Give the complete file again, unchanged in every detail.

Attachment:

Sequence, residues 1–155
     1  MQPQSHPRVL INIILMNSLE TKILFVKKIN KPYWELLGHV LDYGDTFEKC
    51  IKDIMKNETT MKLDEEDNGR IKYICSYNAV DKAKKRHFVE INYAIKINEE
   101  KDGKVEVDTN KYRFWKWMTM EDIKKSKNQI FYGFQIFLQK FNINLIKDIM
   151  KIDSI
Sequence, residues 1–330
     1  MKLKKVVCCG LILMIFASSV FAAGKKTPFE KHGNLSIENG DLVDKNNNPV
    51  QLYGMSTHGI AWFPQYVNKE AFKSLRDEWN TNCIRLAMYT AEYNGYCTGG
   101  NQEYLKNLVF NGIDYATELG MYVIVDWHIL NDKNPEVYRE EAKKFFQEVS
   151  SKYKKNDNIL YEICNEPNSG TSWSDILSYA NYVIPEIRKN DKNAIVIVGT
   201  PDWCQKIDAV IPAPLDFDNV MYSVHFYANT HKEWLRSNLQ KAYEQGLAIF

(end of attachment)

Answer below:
Sequence, residues 1–155
     1  MQPQSHPRVL INIILMNSLE TKILFVKKIN KPYWELLGHV LDYGDTFEKC
    51  IKDIMKNETT MKLDEEDNGR IKYICSYNAV DKAKKRHFVE INYAIKINEE
   101  KDGKVEVDTN KYRFWKWMTM EDIKKSKNQI FYGFQIFLQK FNINLIKDIM
   151  KIDSI
Sequence, residues 1–330
     1  MKLKKVVCCG LILMIFASSV FAAGKKTPFE KHGNLSIENG DLVDKNNNPV
    51  QLYGMSTHGI AWFPQYVNKE AFKSLRDEWN TNCIRLAMYT AEYNGYCTGG
   101  NQEYLKNLVF NGIDYATELG MYVIVDWHIL NDKNPEVYRE EAKKFFQEVS
   151  SKYKKNDNIL YEICNEPNSG TSWSDILSYA NYVIPEIRKN DKNAIVIVGT
   201  PDWCQKIDAV IPAPLDFDNV MYSVHFYANT HKEWLRSNLQ KAYEQGLAIF